August's Ask An Expert:
My parents are getting a divorce and are constantly saying bad things about each other to me. What do I do? It sounds to us like your parents may be 'triangulating' you. Triangulation basically means that they are making you feel like you have to pick sides or agree with one parent vs the other. By shifting their attention on you instead of resolving their problems, they can avoid dealing with their own issues and they may not even realize they are doing it. If you are feeling angry, confused, rejected, depressed, anxious or resentful, it's understandable because you are being put in the middle of your parents' conflicts.
Do any of these things sound familiar to you?
You Become the Problem Solver...you may feel as if you have to provide advice for “grown up” sized problems. You have to come up with solutions for your parents' problems even though you aren't an adult, they are not your problems to solve, and you don't have the skills to handle that stuff.
Impacts Your Sense of Security & Safety… you may feel you have no one to rely on. You're being forced to figure out and handle your life all on your own. Your parents fighting all the time leaves you feeling powerless, lost, and/or alone.
Unable to Express Your Emotions…you may be bottling up your own emotions to avoid adding to your parents' problems. But bottling up your feelings can often lead to anger, anxiety, low self-esteem and you may be learning unhealthy skills to manage them which might work for a while but may be harmful in the long run.
Learning Unhealthy Behaviours…when you see your parents acting in passive aggressive or manipulative ways with each other or with you, you start copying what they do, sometimes unconsciously. If you're learning these unhealthy behaviours, you may use them to deal with your own relationships with friends, family and others.
What can you do if your parents are 'triangulating' you?
If you feel you can talk to your parents, let them know how you feel. Your feelings are important! Try starting a conversation with your parents by using 'I' statements instead of "You' statements. You can say things like:
'I love you both and I don't want to be put in the middle.'
'I feel angry or hurt when I hear bad things said about my [mom/dad].'
'I feel powerless when I'm expected to support your feelings against my [mom/dad].'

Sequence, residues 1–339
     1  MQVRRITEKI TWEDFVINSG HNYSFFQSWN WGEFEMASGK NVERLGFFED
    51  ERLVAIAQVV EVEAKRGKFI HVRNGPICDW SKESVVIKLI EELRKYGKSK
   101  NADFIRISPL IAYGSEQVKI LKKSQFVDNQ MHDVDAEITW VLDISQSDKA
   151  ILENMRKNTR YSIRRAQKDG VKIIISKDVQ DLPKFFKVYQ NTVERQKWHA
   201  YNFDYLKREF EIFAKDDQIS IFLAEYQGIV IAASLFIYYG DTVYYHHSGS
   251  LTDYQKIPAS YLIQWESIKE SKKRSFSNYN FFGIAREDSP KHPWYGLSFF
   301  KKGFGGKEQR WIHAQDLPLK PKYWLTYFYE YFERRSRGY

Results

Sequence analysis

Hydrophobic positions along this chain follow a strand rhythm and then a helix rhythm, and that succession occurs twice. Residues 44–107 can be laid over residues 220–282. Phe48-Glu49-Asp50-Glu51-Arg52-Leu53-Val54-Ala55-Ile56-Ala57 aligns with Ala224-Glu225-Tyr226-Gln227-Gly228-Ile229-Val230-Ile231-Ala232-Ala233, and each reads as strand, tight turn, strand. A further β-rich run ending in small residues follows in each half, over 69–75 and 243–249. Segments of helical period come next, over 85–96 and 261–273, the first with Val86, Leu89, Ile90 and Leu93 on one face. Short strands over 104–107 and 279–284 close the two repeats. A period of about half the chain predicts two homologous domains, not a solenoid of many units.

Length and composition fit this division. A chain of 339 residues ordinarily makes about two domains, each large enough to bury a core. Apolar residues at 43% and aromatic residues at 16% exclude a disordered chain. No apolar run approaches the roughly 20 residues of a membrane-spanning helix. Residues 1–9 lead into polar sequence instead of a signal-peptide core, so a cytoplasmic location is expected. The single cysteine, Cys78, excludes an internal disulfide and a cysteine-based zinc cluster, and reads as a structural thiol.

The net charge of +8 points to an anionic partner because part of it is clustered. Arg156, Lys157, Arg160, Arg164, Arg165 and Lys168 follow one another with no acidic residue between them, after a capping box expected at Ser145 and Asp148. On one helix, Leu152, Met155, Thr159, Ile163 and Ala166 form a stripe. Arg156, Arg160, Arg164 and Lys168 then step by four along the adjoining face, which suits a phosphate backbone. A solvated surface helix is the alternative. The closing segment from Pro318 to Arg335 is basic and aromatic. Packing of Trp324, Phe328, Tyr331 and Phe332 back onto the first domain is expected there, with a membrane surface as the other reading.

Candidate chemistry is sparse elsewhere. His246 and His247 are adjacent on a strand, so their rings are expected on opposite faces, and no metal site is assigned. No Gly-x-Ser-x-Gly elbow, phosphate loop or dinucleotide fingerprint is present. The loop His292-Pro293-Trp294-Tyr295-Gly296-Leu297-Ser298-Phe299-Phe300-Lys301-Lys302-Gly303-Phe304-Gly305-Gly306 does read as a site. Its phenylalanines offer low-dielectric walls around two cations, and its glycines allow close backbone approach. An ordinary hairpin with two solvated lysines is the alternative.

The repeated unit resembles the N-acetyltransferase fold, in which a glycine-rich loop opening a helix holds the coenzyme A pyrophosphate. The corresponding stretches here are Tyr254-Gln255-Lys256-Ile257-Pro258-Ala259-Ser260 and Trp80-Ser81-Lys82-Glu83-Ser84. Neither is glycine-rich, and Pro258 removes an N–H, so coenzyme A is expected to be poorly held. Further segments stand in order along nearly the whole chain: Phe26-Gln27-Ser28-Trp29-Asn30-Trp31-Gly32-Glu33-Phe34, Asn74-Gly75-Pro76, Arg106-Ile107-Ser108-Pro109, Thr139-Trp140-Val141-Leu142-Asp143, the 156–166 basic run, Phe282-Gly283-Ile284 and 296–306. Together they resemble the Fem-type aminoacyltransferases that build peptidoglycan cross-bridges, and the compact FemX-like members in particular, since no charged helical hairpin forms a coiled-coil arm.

'I want to feel safe in both households.'
'I don't feel like I can talk about my problems because there are so many problems with my [mom/dad] and there's no room for mine.'
2. If you don't feel safe saying these things to either of your parents, go to an adult you trust and ask them to help you advocate for yourself with your parents, such as a family member, a teacher or coach or family friend.
3. If you don't feel you can go to anyone you trust to help you in this situation, you can call or text the Kids Help Phone - Text: 686868 or Phone: 1-800-668-6868 for support. 4. Remind yourself that it's ok to feel the emotions you are feeling as a result of your parents' conflicts or fighting. Instead of bottling up, think about healthier ways to cope, such as:
doing some things that make you feel good in positive ways like going for a walk, reading a book, hanging out with friends, journaling (writing down your feelings), listening to music, etc.
when your parents are fighting, walk away or leave the room if you can. You don't have to be a part of their arguments.
talk to a teacher or school counsellor to see if there are resources available to you to help you deal with this situation such as books, podcasts, online videos and groups on healthy relationships.
We know this is a difficult situation to be in and you don't have to feel alone or deal with this all by yourself. Asking for help is ok and we hope you feel you can.
** SAIF offers a free youth counselling program for those 12-17 years of age dealing with abusive situations. Please call 780.460.2195 ext. 301 to learn more or book a phone consult.